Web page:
Imagining Lahore, page 6
Moral policing, sanctioned by the newly introduced religious laws of the country and strengthened by street vigilantes, radically decreased the space for women in public. Whereas in the 1960s and 1970s, at least in cities like Karachi, Lahore and Rawalpindi, young women wearing skirts and jeans would cycle to work or colleges, in the 1980s, hounded by a zealot state and its proxies, women began to disappear from public spaces. Those who braved the onslaught had to conform to a certain display of ‘modesty’. Western clothes were shunned. A dupatta over the head became a regular feature. Cycling to work became unimaginable if you were a woman.
The Afghan Jihad led by Zia brought in a vast and unaccounted supply of weapons, funnelled into Afghanistan via Pakistan by the US, fighting a proxy battle against its arch-enemy, the USSR. Large tranches of those weapons routinely found their way into illegal arms markets in the bigger cities of the country. Perhaps using the same weapons, the government armed its allied parties to counter its political opponents. The Muttahida Qaumi Movement in Karachi, headed by Altaf Hussain, which began as a student political group a year after Zia overthrew the civilian government, was pampered by the military government to counter the stronghold of PPP in its home city. In Lahore, it was the Islami Jamiat-e-Talaba (IJT), the student wing of the Jama’at-e-Islami, that received government support. Their student leaders were given weapons so that they could gain an upper hand in the universities and colleges where the left-leaning National Students Federation, sympathetic to the PPP, held sway.23 Violence gripped the campuses of Lahore and Karachi. Politics became bloodier under the shadow of the gun. Alongside entered heroin. Under Zia, Pakistan became the chief exporter of heroin in the world, which arrived into the country from Afghanistan. Millions of Pakistanis took to this new addiction.
All this was accompanied by the worst form of political repression. For eight years the country remained under martial law, with all expressions of political dissent severely penalized. PPP supporters were jailed, tortured and even killed. Prominent political leaders critical of the government were thrown behind bars without any charges. There was an arid sense of fear in the country. Paranoia swept through the major cities. Government informants, it was feared, roamed among the public, eavesdropping on conversations in restaurants, bus stations and other public spaces. Uttering the name ‘Bhutto’ in a public space could lead to severe repercussions. In this environment, perhaps the military dictator convinced himself that he had erased Bhutto’s memory. He had started believing his own propaganda. Little did he realize that, like molten lava, the memory of Bhutto lay just beneath the surface, waiting to erupt through the first crack.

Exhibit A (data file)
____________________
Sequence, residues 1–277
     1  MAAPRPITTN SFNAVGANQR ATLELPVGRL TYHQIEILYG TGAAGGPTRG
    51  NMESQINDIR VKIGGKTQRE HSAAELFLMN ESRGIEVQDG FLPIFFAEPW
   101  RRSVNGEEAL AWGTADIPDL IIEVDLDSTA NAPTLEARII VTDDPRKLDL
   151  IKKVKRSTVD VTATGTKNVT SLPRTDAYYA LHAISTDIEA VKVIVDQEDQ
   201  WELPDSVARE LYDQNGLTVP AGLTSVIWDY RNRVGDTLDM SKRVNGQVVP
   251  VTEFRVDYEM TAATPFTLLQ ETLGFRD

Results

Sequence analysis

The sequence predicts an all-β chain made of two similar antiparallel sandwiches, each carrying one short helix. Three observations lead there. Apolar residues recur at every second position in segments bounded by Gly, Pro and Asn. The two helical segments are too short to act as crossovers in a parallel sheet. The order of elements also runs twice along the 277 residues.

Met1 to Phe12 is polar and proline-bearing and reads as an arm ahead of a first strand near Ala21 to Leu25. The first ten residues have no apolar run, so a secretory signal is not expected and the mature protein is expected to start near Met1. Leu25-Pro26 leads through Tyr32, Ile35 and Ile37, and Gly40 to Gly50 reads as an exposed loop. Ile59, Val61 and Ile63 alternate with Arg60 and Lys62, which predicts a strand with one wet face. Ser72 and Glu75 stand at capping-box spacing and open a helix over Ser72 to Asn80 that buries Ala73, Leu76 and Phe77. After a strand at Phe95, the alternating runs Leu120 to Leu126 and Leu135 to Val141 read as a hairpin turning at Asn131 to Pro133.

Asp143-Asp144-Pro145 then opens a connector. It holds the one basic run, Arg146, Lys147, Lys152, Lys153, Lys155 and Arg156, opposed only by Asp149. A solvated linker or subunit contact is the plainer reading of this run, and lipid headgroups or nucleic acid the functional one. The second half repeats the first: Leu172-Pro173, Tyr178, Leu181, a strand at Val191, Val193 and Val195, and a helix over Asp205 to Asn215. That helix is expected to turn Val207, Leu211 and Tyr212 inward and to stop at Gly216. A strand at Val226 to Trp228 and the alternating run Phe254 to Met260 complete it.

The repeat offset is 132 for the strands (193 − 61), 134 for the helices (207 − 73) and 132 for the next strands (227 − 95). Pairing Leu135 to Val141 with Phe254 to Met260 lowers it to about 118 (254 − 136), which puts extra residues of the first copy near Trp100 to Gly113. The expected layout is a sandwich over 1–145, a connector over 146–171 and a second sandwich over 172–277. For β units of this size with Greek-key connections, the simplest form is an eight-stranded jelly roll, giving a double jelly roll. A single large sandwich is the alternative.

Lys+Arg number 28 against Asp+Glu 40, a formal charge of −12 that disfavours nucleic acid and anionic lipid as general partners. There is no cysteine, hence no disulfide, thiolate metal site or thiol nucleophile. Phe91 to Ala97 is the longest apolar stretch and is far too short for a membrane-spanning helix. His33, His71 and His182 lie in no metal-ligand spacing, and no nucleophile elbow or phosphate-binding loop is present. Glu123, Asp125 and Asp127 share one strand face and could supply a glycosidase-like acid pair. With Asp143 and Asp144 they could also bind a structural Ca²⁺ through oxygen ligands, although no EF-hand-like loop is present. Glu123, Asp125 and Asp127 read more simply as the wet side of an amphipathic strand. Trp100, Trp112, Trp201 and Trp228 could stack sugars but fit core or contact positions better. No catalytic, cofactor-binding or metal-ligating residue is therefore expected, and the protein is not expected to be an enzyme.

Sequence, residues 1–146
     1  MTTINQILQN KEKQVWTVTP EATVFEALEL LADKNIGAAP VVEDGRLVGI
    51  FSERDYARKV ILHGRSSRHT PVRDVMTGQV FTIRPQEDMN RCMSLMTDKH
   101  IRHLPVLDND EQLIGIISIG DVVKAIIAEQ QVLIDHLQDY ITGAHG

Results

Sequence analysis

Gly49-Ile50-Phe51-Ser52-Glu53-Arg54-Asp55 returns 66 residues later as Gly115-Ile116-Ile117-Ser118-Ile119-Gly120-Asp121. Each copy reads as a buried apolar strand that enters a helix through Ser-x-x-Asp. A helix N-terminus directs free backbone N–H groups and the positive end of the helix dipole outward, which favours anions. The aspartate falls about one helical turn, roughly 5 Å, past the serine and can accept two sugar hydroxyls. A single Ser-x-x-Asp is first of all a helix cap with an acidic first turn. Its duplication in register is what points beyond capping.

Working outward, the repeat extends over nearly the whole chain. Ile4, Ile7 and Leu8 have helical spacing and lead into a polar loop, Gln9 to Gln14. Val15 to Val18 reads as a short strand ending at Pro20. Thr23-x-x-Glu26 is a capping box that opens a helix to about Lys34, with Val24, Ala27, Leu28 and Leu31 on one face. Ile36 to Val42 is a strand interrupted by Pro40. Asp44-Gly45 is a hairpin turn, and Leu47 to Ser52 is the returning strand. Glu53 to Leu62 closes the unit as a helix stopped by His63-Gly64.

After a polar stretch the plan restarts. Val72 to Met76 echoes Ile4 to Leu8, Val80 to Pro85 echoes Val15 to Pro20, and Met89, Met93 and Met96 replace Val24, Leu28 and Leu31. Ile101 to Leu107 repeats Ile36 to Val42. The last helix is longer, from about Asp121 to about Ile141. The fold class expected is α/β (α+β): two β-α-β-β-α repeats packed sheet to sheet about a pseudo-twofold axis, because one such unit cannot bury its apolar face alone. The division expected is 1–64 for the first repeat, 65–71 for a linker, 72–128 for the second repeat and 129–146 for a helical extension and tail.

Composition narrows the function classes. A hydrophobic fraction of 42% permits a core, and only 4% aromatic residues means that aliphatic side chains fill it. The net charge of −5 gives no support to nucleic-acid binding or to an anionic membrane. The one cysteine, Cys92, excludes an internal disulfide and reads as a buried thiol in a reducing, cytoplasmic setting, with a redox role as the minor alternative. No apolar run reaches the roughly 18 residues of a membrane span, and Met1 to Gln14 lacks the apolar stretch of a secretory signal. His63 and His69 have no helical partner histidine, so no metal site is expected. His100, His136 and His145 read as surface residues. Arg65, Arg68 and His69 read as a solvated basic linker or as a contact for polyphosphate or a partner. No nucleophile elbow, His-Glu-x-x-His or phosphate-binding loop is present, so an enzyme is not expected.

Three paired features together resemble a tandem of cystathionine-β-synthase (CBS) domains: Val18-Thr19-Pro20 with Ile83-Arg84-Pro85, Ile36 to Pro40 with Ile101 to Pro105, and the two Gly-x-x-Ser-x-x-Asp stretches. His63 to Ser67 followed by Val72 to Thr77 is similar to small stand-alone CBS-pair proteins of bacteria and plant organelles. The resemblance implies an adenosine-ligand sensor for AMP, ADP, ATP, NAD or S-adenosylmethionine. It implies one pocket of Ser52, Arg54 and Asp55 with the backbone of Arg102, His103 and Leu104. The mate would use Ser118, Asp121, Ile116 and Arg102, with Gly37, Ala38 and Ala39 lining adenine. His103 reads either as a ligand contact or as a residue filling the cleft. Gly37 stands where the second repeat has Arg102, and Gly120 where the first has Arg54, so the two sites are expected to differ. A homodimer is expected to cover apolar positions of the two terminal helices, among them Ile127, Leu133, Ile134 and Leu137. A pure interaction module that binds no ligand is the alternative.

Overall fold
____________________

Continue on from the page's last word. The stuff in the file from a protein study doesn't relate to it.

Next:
Even before dawn on 4 April 1979, defying all protocol, the first democratically elected prime minister of the country, Zulfikar Ali Bhutto, was hanged in Rawalpindi. It had been only eight years since the breakaway of East Pakistan, and the country had finally begun to move on from the traumatic experience. This execution sent shockwaves around the country. There hadn’t been a more popular leader in Pakistan until then. Bhutto had a cult following. People dressed like him, wanted to be like him. Like Mao’s Little Red Book, books of Bhutto’s quotations were sold throughout the country. In power, he had shown the dispirited country a dream of a great future, of becoming an Islamic superpower, strong enough to not only fight its giant ‘Hindu’ neighbour but also take on the superpowers of the world. With his death, that dream died too.
There could be no public mourning. Martial law was at its peak. No political gatherings were allowed. His followers cried in the confines of their homes. His body was flown to Larkana in the dead of night and buried in the family graveyard, with no members of his family present. Benazir and her mother were jailed, while her two brothers were in exile.
As a new repressive regime spread its tentacles, the trauma of the loss only grew bigger in the public subconscious. Whatever flaws Bhutto had during his lifetime, his death rendered him a ‘saint’. Compared to the ‘monster’ that followed him, Bhutto appeared better, brighter. As the military dictator tried suppressing his memory, his legend only grew stronger.